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New Strategy for Rapid Diagnosis and Characterization of Fungal Infections: The Example of Corneal Scrapings
Published: Monday, July 02, 2012
Author: Pablo Goldschmidt et al.

by Pablo Goldschmidt, Sandrine Degorge, Patricia Che Sarria, Djida Benallaoua, Oudy Semoun, Vincent Borderie, Laurent Laroche, Christine Chaumeil

Purpose

The prognosis of people infected with Fungi especially immunocompromised depends on rapid and accurate diagnosis to capitalize on time administration of specific treatments. However, cultures produce false negative results and nucleic-acid amplification techniques require complex post-amplification procedures to differentiate relevant fungal types. The objective of this work was to develop a new diagnostic strategy based on real-time polymerase-chain reaction high-resolution melting analysis (PCR-HRM) that a) detects yeasts and filamentous Fungi, b) differentiates yeasts from filamentous Fungi, and c) discriminates among relevant species of yeasts.

Methods

PCR-HRM detection limits and specificity were assessed with a) isolated strains; b) human blood samples experimentally infected with Fungi; c) blood experimentally infected with other infectious agents; d) corneal scrapings from patients with suspected fungal keratitis (culture positive and negative) and e) scrapings from patients with suspected bacterial, viral or Acanthamoeba infections. The DNAs were extracted and mixed with primers diluted in the MeltDoctor® HRM Master Mix in 2 tubes, the first for yeasts, containing the forward primer CandUn (5'CATGCCTGTTTGAGCGTC) and the reverse primer FungUn (5'TCCTCCGCTT ATTGATATGCT) and the second for filamentous Fungi, containing the forward primer FilamUn (5'TGCCTGTCCGAGCGTCAT) and FungUn. Molecular probes were not necessary. The yields of DNA extraction and the PCR inhibitors were systematically monitored.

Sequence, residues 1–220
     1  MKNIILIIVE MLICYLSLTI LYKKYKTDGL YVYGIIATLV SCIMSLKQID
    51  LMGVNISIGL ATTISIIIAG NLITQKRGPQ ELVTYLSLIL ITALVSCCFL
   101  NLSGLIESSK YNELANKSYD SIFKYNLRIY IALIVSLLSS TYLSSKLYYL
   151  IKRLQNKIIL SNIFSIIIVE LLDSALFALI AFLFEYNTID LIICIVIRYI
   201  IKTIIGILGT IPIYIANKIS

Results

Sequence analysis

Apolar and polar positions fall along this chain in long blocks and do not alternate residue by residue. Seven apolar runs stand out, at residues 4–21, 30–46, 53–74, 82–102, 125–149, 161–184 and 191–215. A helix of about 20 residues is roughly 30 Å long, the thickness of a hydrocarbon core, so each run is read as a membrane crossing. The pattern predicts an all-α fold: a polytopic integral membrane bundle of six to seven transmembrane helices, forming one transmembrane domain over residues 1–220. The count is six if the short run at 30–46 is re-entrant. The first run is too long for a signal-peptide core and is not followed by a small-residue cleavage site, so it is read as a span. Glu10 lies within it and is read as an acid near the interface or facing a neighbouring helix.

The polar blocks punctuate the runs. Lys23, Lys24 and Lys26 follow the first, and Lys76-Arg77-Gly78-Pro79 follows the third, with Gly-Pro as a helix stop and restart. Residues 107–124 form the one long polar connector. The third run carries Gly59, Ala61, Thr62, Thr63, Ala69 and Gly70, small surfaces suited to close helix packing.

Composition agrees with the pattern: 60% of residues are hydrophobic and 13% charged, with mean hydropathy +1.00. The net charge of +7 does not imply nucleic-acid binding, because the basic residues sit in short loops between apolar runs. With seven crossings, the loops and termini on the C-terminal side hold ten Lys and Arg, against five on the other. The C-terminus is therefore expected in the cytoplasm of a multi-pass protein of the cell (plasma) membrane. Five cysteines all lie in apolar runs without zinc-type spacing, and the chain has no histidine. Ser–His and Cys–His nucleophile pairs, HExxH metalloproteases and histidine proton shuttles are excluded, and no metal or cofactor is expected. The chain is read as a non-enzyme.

Results

PCR-HRM detected 0.1 Colony Forming Units (CFU)/µl of yeasts and filamentous Fungi, differentiated filamentous Fungi from yeasts and discriminated among relevant species of yeasts. PCR-HRM performances were higher than haemoculture and sensitivity and specificity was 100% for culture positive samples, detecting and characterizing Fungi in 7 out 10 culture negative suspected fungal keratitis.

Conclusions

PCR-HRM appears as a new, sensitive, specific and inexpensive test that detects Fungi and differentiates filamentous Fungi from yeasts. It allows direct fungal detection from clinical samples and experimentally infected blood in less than 2.30 h after DNA extraction.

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